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Old 12-26-2011, 01:40 PM   #1 (permalink)
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"Nobody has Ever Cleared This Stage": The Story of Strider



In the far-flung future -- not the boring future we're plodding toward in real life, but rather the future where the Cold War never ended thanks to Soviet super-science, and the Amazon basin is filled with robotic dinosaurs who maraud the jungles at the command of the savage women who patrol the treetops above them -- the world trembles in fear to hear the sputtering cackle of the dread tyrant Meio, the Grand Master who rules the planet ensconced within the walls of his destructive superweapon, the orbital battle platform Third Moon. The world's only hope for peace exists in the lithe space ninja Hiryu, a Strider whose legendary blade Cypher is never seen as anything but a flashing crescent of plasma capable of slicing through any obstacle, no matter how deadly.

Well, that's the gist of it. Apparently. This is the future as described by Capcom's arcade classic Strider, though using the term 'described' is something of a stretch. A more appropriate turn of phrase might be 'hinted at,' or 'nebulously defined.' Strider is set in a fascinating, detailed vision of the future, but that world is only presented in the most abstract terms imaginable. There's no prelude, no given setup besides the fact that you begin the adventure with a stealth landing in Kazakh S.S.R. in the year 2048, and Soviet regalia is everywhere. From there, Hiryu's adventure is a non-stop sequence of amazing feats and terrifying foes with only the briefest of intermissions to hint at the vagaries of the underlying plot while relocating Hiryu to a new setting. Even the game's attract mode is no help, offering little more than brief snippets of the various levels, followed by the name of the stage being demoed and the ominous portent, 'Nobody has ever cleared this stage.'



The thing about that claim is that even if you do manage to work your way through Strider -- something a friend and I once did in the arcade at considerable personal expense to our meager teenaged allowances -- the attract mode still refuses to acknowledge your feat. After completing all five stages and bringing Meio to justice (in the Navy Seal Team 6 sense of the word), Strider still claims that nobody has ever cleared Siberia or the flying fortress Balrog. It's disappointing to see all that hard work go unrewarded, though praise from a machine is admittedly something of an empty accolade. Maybe the attract mode doesn't properly register some sort of increment counter that was intended to track successful plays. Or maybe the game was never meant to credit its conquerors at all, and 'Nobody has ever cleared this stage,' is hardwired into the ROM as a cheap taunt to encourage prospective players to test their mettle by dropping a few tokens into the machine and playing long enough to work their way through a few stages. The effect is the same either way, though: It simply adds to Strider's mystique.

In this regard, Strider benefits greatly from its nature as a 16-bit coin-op game. Unlike contemporary games, it was designed for the arcade, where time spent in exposition is time wasted—if an arcade game isn't actively trying to defeat the player, it's not generating new coin drops and thus failing to earn its keep. Strider's narrative unfolds primarily through play, with the plot revealing itself through inference rather than any direct statement. The action itself is the story, with the elaborately detailed environments and enemies hinting at a tantalizing future that's never fully revealed. The game's cutscenes do little to explicate the narrative; they're brief, five-second intermissions between levels, maddening in their fever-dream abstraction. Images of different characters flash on-screen, accompanied by scratchy snatches of sampled dialogue in a Babel Tower's melting pot of languages. Meio and his pet bounty hunter Solo taunt Hiryu in English, while defeated Kazakhstani foes sneer in Russian. The acrobatic warrior sisters -- Tong, Sya, and Nam Pu -- curse Hiryu in Mandarin, while the women of the Amazon sound like they're just chanting 'Bugga booga' but manage to convey important information about the Third Moon regardless.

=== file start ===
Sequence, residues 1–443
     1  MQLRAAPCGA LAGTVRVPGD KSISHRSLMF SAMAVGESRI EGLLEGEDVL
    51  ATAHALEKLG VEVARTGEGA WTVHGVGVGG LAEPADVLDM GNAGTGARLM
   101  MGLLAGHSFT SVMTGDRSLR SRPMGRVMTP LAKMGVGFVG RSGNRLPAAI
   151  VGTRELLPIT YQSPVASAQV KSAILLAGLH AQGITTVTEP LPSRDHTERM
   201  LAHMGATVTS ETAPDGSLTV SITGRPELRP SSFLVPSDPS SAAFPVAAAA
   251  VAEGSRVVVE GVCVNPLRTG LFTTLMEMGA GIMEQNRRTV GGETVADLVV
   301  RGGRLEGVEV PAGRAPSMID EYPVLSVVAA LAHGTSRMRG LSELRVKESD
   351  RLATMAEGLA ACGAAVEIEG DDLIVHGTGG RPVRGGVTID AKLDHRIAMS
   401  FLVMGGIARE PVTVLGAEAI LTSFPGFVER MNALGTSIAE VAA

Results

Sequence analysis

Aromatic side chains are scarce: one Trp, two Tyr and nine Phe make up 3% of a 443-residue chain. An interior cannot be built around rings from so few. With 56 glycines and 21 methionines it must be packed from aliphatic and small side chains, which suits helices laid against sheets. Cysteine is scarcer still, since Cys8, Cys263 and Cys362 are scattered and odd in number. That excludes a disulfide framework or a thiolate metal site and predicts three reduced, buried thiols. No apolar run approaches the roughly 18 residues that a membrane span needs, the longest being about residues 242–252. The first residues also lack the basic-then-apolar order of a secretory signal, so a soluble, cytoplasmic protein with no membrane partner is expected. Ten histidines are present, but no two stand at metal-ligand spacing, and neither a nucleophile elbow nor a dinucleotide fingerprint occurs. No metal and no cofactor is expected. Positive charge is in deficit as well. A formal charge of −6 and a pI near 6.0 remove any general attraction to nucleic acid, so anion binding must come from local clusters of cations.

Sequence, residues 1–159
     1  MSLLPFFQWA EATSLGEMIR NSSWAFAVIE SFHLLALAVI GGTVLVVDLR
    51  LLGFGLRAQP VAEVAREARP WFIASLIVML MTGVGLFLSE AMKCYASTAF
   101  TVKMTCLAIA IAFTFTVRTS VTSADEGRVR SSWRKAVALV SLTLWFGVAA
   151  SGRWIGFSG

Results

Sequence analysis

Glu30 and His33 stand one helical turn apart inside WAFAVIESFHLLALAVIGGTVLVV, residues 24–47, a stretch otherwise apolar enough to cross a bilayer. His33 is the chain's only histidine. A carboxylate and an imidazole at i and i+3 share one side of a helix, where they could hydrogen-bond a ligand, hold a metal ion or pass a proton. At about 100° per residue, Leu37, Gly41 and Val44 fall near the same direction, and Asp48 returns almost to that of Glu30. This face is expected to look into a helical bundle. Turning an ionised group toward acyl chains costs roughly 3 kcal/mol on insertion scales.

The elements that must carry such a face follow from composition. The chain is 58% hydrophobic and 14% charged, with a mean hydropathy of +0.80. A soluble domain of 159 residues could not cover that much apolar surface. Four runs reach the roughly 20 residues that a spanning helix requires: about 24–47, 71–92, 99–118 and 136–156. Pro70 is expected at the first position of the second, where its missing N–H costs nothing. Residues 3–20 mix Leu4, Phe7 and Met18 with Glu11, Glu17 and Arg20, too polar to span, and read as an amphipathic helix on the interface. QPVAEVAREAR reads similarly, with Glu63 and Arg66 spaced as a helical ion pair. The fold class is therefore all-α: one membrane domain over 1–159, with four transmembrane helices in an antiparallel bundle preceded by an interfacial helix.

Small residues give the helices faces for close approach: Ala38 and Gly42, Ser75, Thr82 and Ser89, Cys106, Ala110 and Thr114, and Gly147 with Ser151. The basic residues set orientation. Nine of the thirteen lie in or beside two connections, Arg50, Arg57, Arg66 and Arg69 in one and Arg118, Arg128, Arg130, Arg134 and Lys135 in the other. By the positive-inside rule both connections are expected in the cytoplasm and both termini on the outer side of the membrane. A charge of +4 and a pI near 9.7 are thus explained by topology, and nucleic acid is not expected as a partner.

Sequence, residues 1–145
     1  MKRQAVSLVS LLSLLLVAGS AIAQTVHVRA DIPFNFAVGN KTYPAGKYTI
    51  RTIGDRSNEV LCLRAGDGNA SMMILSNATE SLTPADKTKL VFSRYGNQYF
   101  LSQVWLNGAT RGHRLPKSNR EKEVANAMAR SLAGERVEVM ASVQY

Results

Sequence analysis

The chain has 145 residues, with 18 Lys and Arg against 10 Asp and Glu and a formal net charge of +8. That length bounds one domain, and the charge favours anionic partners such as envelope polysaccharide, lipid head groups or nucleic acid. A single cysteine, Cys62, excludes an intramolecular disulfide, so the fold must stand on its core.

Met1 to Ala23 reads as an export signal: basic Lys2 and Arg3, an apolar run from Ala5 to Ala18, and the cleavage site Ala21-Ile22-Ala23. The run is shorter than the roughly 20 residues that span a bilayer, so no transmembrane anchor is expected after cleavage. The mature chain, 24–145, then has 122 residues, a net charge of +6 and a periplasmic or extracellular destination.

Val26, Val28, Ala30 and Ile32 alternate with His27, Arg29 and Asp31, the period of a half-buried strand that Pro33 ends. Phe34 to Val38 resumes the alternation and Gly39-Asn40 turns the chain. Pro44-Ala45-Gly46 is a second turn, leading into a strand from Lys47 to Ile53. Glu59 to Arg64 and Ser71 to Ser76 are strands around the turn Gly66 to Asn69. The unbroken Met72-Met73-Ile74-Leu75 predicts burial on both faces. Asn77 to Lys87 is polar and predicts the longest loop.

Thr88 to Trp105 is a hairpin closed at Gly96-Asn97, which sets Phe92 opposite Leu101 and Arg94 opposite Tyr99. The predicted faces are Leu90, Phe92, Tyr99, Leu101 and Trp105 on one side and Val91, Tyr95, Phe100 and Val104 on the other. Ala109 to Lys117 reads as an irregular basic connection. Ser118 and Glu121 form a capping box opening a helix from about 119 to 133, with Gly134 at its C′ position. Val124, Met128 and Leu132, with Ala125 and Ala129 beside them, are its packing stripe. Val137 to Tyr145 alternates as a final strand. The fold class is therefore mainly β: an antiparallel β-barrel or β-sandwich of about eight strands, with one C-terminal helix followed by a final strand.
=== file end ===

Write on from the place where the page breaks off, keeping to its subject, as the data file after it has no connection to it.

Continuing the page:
It's very atmospheric, giving a genuine impression of a globe-spanning adventure, but Kouichi's priority was definitely stylishness, not narrative clarity. The rapid-fire snippets of sampled dialogue are subtitled in English, but they're still little more than a jumble of disconnected fragments that only make sense if you already know what the game's about -- and even then only barely.



But it's an arcade game. Telling a detailed story would not simply be missing the point, it's the complete antithesis of the game's entire reason for being. The presence of any plot at all beyond 'save the princess' is a bonus. Kouichi has stated that he aspired to tell stories in print and film, and Strider is the distillation of that ambition into an action-oriented video game. The game never stops to explain itself, preferring to unfurl hints of a tale as the player advances, and the brief intermissions primarily serve as a way to nudge players a bit and make them aware that there's more to the game than a cool sword and robotic animal companions.